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Discussion Starter · #1 ·
I'm not too surprised. It sounds similar to what "alternative" MDs have been saying for some time.So, what do we do? I currently use a bit of pro. cream... Who knows, maybe 10 years later they'll discover that's a no-no too.
 

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I tried prempro several times and it didn't agree with me. Do you know of other hormones? I know I need them badly. Don't know about prempro and the latest news on it.
 

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I heard on the evening news that they are telling women to stop taking Prempro because it can have serious side effects like increasing your risk of cancer, heart disease, strokes. Forvermore...I could hardly believe it--I have been taking it for about six months. Maybe I haven't taken it long enough for it to hurt anything. A person never knows what he should do.
 

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I think menopause is a very natural process of growing older. And it is un-natural to be taking hormone replacement.I think it is sad that so many are taking these hrt and will feel even worse that they have no other alternatives.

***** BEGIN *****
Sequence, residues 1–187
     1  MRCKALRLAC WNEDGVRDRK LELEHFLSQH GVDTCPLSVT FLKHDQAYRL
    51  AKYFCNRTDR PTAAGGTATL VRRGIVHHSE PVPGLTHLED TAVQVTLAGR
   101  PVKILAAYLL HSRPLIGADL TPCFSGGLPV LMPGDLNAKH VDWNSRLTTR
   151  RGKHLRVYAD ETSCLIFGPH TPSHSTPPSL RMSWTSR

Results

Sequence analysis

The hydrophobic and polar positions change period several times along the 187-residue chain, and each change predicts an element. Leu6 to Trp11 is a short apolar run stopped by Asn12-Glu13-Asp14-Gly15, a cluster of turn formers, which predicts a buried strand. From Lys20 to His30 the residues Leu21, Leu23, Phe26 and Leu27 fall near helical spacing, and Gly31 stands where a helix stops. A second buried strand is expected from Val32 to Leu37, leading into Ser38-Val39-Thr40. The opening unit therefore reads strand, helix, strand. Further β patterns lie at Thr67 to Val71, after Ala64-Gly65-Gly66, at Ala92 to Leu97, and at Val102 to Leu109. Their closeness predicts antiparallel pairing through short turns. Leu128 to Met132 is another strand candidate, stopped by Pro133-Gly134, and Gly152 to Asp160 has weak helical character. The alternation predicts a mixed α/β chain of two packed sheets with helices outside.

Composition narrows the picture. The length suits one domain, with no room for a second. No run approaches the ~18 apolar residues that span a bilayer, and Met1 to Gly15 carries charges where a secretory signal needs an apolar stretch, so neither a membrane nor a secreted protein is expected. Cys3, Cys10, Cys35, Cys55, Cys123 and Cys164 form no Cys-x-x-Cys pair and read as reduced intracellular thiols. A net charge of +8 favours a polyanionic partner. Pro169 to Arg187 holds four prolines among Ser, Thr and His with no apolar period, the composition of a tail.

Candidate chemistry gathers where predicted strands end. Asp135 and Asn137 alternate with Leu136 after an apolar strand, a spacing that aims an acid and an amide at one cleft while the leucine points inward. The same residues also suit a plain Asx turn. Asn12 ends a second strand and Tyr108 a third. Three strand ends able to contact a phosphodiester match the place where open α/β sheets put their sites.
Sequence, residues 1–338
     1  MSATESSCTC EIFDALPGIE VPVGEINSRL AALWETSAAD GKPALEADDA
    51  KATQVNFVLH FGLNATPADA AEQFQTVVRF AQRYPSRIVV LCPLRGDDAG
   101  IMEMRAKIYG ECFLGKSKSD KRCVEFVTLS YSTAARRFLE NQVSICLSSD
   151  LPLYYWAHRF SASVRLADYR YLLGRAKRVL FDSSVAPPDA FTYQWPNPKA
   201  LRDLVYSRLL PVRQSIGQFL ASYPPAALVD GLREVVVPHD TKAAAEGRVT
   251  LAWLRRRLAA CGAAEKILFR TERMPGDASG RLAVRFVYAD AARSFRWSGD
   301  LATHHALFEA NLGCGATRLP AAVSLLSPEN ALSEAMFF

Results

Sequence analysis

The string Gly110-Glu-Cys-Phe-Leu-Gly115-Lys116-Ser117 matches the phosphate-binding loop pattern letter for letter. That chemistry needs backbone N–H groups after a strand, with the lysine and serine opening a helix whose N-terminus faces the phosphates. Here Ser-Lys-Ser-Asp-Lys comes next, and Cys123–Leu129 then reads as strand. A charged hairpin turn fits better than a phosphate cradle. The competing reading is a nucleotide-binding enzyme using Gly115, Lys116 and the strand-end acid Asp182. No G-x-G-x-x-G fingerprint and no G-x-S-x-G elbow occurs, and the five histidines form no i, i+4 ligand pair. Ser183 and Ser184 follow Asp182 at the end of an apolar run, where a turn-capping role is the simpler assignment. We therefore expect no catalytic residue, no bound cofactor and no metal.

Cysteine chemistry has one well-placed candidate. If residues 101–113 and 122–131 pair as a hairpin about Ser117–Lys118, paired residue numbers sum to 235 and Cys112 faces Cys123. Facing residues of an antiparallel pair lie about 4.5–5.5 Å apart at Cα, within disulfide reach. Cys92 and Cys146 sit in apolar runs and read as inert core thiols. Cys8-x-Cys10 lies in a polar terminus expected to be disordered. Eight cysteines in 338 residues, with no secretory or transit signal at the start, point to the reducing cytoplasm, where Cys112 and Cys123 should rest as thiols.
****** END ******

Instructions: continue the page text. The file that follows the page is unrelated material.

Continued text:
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There are other options for hormone replacement. This particular study was focused on the combination of estrogen and progesterone. It doesn't apply to women taking estrogen alone; that is a separate study which has not been stopped because they haven't been seeing the same worrisome results.Interestingly enough, I had decided for now not to do HRT after lots of reading and consulting a GYN several months ago. She felt that if I could counteract my symptoms with other methods, that would be preferable. And the information about HRT not being beneficial to the heart had just come out.There are many women who really need HRT; my sister-in-law was a raging maniac without it--miserable. Menopause is natural, all right, but for some women it is hell.
 

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There are new artificial hormones that will be even better than prempro etc., and will probably come out in the next two yrs. Evista is available now. So far I don't know how it's doing, does help with bone loss, and keeping you younger.
 

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Hi Jan!! no shock to me at all.You know my mother did all herbal things and she is just fine,she used vitamins/herbals and she went through it fine.I know she still takes certain ones for bones,etc. but thats the way i plan to go too,lord knows hormones & me don't mix at all!! Hope your doing fine. Krissy :love: